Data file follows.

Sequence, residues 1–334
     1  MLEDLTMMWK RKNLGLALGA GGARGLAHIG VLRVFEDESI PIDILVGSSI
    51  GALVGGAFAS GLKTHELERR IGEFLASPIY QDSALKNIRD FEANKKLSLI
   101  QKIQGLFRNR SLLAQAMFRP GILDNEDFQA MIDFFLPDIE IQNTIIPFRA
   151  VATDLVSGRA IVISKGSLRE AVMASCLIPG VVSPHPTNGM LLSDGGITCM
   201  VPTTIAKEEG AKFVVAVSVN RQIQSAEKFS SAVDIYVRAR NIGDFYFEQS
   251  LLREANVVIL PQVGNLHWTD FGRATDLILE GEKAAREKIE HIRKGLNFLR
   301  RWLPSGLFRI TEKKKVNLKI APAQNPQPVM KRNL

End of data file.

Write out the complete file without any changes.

Sequence, residues 1–334
     1  MLEDLTMMWK RKNLGLALGA GGARGLAHIG VLRVFEDESI PIDILVGSSI
    51  GALVGGAFAS GLKTHELERR IGEFLASPIY QDSALKNIRD FEANKKLSLI
   101  QKIQGLFRNR SLLAQAMFRP GILDNEDFQA MIDFFLPDIE IQNTIIPFRA
   151  VATDLVSGRA IVISKGSLRE AVMASCLIPG VVSPHPTNGM LLSDGGITCM
   201  VPTTIAKEEG AKFVVAVSVN RQIQSAEKFS SAVDIYVRAR NIGDFYFEQS
   251  LLREANVVIL PQVGNLHWTD FGRATDLILE GEKAAREKIE HIRKGLNFLR
   301  RWLPSGLFRI TEKKKVNLKI APAQNPQPVM KRNL